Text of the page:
Competency as a designer is a life-long undertaking, underpinned (often) by relevant academic qualifications which taught the person to think, relevant experience in their chosen field, evidence of continuing professional development and self-knowledge in terms of personal limitations. In highway (and street design) competency must surely also include a proper appreciation of the needs of the end user - an ability to see things from a user perspective and to recommend how competing demands can be compromised or knowing when they cannot.

I often read that the last people who should be designing our streets are highway engineers. I can understand where this comes from because most day to day highway schemes are delivered by highway engineers. They are generally not high profile and they are trying to solve a problem which may not always be properly defined and often using really poor guidance. They might also be stuck in a rut in terms of being able to think critically and understand their increasingly important role as advocates for end users.

I say (well I would of course) that highway engineers should be leading the design of our streets, but they should feel more empowered to challenge the objectives they are set, especially if they are in direct conflict with each other. The problem is, engineers are problem-solvers and to that end, they like to define the problems to be overcome and this often comes across as negativity. No wonder non-expert clients are taken in by the promises of snake oil street designs.

Designers can consolidate their competency by gaining a professional qualification and membership of a professional institution. In doing so, a line is drawn under their basic competency which they can then build upon. Again, a professional qualification doesn't make a person competent, they have to continue with professional development, but at least it can reassure a client that the person is worth engaging.

I hope I have made the distinction between a poorly defined set of project objectives and a designer's competence defining the success of a scheme. As with Sea of Change Film's concerns about a particular style of street treatment, the force of the concern must be aimed at the objectives, especially with the common theme of a superficially pretty street with no motor traffic reduction. It is the role of a competent highway engineer to understand the needs of the end user and be vocal where they are not met by a project objective.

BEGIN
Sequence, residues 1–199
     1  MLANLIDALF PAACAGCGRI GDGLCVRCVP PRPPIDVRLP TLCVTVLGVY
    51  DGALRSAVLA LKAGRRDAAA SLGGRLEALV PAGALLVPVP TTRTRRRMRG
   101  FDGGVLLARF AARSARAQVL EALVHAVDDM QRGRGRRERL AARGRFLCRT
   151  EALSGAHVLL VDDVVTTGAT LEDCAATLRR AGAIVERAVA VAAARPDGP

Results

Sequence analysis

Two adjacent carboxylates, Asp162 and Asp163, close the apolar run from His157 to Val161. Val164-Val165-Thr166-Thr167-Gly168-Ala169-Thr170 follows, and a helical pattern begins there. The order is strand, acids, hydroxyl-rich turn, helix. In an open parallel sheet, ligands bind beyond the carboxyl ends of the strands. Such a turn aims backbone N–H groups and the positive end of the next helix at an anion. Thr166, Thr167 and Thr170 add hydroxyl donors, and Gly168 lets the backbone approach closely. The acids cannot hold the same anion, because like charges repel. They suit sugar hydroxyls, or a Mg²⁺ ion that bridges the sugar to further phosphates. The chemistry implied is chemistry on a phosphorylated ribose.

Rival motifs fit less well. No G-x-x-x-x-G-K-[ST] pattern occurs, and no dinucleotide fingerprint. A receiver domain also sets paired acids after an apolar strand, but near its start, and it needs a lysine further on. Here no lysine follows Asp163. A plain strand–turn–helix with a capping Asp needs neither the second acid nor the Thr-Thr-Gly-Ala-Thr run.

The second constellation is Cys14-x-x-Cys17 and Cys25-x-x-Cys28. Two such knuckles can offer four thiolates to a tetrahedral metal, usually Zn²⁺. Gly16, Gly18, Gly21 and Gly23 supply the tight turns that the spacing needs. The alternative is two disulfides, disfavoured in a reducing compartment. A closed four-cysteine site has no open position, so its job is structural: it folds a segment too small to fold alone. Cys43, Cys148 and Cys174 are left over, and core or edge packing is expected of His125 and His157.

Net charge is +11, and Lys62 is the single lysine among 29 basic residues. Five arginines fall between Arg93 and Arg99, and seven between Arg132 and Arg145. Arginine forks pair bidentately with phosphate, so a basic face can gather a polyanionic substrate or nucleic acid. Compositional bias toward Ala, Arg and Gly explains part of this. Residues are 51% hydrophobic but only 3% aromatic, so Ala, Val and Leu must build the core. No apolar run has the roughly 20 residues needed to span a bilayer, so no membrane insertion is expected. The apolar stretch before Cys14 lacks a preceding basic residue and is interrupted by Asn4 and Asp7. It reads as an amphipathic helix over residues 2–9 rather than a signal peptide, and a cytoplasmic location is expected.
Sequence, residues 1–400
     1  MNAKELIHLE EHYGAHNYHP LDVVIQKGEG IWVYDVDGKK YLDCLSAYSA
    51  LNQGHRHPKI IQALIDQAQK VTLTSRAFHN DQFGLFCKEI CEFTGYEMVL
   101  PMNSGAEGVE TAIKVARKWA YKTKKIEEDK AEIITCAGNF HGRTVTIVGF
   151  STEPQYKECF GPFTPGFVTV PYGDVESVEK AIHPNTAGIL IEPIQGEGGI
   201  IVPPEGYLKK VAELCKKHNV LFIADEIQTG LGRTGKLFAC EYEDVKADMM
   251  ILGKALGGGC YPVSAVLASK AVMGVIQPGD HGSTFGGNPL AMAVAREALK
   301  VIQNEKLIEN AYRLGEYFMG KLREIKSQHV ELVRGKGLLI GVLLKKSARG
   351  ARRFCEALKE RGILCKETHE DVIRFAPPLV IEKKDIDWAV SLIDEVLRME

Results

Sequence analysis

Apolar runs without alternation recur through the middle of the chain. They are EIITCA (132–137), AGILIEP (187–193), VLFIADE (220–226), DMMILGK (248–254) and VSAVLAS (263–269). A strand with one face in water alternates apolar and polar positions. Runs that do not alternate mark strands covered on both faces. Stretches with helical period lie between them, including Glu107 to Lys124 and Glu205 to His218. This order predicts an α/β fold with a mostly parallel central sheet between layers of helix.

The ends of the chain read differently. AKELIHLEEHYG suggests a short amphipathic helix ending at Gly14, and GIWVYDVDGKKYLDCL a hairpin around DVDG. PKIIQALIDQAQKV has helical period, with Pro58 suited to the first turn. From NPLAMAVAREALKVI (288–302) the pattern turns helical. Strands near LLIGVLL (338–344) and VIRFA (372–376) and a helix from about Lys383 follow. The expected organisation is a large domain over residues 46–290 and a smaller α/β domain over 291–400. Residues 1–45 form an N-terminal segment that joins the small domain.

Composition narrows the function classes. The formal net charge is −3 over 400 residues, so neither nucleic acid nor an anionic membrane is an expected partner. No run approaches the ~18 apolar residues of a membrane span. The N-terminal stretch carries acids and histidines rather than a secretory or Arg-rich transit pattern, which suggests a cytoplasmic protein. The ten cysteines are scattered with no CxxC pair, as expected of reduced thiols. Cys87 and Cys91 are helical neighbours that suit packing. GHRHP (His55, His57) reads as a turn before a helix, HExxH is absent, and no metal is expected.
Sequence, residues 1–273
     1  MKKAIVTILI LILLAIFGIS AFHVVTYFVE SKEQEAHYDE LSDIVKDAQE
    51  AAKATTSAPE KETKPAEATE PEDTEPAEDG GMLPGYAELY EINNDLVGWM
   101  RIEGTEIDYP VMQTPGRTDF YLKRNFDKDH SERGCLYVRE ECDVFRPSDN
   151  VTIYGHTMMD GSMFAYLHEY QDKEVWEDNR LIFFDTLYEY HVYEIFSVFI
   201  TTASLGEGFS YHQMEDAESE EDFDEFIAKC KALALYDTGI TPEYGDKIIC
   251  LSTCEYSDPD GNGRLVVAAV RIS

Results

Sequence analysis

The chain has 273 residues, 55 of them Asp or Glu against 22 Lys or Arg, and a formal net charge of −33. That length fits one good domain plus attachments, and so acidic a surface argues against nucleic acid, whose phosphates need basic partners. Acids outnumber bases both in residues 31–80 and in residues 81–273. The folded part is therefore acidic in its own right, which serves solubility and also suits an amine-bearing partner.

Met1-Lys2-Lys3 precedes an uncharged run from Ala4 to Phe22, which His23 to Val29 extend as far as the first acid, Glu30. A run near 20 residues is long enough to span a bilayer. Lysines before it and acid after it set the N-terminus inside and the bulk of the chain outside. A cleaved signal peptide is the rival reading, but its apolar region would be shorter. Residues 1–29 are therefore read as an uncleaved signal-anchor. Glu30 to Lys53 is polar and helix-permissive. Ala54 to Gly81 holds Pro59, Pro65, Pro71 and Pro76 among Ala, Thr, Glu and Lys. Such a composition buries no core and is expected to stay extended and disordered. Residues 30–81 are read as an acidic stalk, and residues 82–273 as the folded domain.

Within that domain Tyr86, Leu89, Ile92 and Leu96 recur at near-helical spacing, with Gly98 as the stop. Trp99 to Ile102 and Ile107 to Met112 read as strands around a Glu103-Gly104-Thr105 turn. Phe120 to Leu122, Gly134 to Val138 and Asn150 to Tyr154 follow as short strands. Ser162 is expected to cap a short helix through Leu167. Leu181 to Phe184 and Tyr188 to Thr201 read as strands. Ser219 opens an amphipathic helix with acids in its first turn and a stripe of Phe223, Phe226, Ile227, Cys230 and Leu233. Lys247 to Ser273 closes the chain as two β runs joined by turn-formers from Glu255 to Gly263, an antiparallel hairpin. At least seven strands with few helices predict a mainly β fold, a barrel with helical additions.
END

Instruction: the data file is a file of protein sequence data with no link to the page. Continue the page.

Saturday, 23 September 2017

I've seen things you people wouldn't believe: Part 3 - A City Road & A Side Street

This is the latest in a series of posts about some of my adventures in the Netherlands which took place over the summer. I've introduced the subject and talked about roundabouts. This week, I'm going to concentrate on a city street and a typical side street connecting to it.

About 4km to the south-east of Amsterdam, in the neighbourhood of Watergraafsmeer, there is the Betondorp estate. One half contains a residential area and the other half contains the cemetery, crematorium and memorial garden of De Nieuwe Ooster. The residential area is filtered from through traffic (which has to stick to the main roads around it), but of course, one can cycle around and through the area. It's pleasant enough of course, but it is entirely unremarkable.

One of the motor-vehicle access points into the estate is Zaaiersweg which meets the S113 Middenweg. 'S' roads (or stadsroutes) are city roads connecting the city to ring roads or motorways. At about 25m in width, Middenweg (photo below) crams in space for walking, cycling, trams/buses and motor vehicles. Again, it's an unremarkable width; compare with the 32m dual-carriageway of Stratford High Street in London for example. As usual, the Dutch are not focusing on just motor traffic.


So why am I interested in a side road off an ordinary and unremarkable Dutch "city road"? The answer is that it is a very good example of how to give priority to people walking and cycling. Let's take a look;


As you can see above, Zaaiersweg is the road to the right and Middenweg stretches into the distance. Looking at half the street, we can see the following arrangement from left to right;